LONDON (Reuters) - A key measure of employers’ labor costs in Britain rose by the most in five years in late 2018, adding to inflation pressures that the Bank of England has said will need to be offset by higher interest rates.
Unit labor costs rose by an annual 3.1 percent in the final three months of 2018, the Office for National Statistics said, up from 2.9 percent in the previous three-month period and the biggest increase since late 2013.
British employers have been increasing their pay for workers at the fastest pace in a decade as they try to hire and retain staff with the unemployment rate at its lowest since the 1970s.
While the strong jobs market is helping households recover some of the spending power they lost after the global financial crisis, the hiring surge has aggravated Britain’s weak growth in productivity which is key for higher pay over the long term.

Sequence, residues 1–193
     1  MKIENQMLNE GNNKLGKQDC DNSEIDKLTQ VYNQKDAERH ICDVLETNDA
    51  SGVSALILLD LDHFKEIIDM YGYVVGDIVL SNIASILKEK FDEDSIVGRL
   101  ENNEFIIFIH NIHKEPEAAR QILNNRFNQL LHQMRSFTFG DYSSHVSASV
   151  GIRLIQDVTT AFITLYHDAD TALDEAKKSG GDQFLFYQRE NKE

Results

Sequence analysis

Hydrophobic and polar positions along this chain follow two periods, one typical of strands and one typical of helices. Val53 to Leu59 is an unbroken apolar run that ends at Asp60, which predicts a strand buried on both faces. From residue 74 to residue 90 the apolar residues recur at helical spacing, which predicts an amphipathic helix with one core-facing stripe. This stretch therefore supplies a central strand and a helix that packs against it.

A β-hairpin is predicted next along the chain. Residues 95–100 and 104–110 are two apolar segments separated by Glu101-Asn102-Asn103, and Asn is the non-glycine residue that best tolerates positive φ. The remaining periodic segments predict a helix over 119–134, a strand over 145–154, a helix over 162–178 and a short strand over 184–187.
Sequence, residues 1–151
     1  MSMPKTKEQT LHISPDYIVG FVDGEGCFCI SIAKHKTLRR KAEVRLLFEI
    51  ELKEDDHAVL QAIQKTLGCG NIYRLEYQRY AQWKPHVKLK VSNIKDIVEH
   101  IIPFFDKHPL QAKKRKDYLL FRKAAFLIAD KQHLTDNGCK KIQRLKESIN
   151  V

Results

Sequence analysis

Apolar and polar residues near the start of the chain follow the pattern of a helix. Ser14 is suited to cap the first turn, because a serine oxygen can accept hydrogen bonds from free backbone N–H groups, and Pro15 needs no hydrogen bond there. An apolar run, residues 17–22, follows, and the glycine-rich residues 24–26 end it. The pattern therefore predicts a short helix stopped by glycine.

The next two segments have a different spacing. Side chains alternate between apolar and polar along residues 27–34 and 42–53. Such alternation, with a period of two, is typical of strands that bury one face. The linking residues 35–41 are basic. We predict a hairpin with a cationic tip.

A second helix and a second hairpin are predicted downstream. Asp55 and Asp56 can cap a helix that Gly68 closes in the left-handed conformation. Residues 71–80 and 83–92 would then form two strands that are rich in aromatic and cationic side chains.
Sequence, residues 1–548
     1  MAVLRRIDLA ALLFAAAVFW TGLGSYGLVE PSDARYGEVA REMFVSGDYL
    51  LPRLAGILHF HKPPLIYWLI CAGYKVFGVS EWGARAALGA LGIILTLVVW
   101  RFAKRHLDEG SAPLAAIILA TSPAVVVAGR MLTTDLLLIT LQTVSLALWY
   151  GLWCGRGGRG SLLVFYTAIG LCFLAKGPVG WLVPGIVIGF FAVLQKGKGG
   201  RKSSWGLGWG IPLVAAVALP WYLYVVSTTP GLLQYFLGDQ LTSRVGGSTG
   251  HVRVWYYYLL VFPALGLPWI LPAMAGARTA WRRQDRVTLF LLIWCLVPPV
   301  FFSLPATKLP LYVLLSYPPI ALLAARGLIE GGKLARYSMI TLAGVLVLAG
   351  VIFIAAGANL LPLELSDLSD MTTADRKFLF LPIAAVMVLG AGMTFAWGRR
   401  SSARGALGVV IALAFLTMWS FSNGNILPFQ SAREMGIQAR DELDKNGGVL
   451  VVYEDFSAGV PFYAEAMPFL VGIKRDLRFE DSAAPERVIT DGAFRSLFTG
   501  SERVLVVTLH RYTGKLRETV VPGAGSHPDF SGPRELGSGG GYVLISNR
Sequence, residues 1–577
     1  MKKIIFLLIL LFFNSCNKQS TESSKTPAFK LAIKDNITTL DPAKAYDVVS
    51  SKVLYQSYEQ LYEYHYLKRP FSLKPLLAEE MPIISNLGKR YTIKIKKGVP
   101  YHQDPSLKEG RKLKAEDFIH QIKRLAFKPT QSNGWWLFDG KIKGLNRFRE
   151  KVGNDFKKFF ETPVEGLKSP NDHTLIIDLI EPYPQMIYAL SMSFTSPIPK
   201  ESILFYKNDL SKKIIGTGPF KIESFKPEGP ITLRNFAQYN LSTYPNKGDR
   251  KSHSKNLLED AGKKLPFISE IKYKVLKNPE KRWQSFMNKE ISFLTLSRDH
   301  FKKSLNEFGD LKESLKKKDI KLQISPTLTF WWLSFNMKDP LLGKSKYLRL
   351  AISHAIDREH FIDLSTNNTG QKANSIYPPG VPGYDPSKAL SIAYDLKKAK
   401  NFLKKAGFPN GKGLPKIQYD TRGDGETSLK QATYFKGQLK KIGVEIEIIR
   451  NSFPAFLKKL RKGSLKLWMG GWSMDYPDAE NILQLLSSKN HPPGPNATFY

The ONS said output-per-hour, a measure of productivity, rose by only 0.5 percent in 2018 as a whole, well below the annual average of 2 percent before the financial crisis and half its rate in 2017.
“Our latest figures show a continuation of a decade of weak growth, often referred to as the ‘productivity puzzle’, with labor productivity growth lower over the last decade than at any time in the 20th century,” ONS economist Richard Heys said.
“It has taken the UK a decade to deliver 2 percent growth, which historically was achieved in a single year.”
The BoE has said Britain’s slow productivity growth is likely to add to the case for gradual increases in interest rates, although it has held off from raising borrowing costs while it waits to see if Brexit deals a shock to the economy.
British finance minister Philip Hammond has said Britain’s planned exit from the European Union, which is expected to exert a drag on overall economic growth, underscores the need to tackle the country’s productivity problem.
Reporting by William Schomberg, editing by David Milliken
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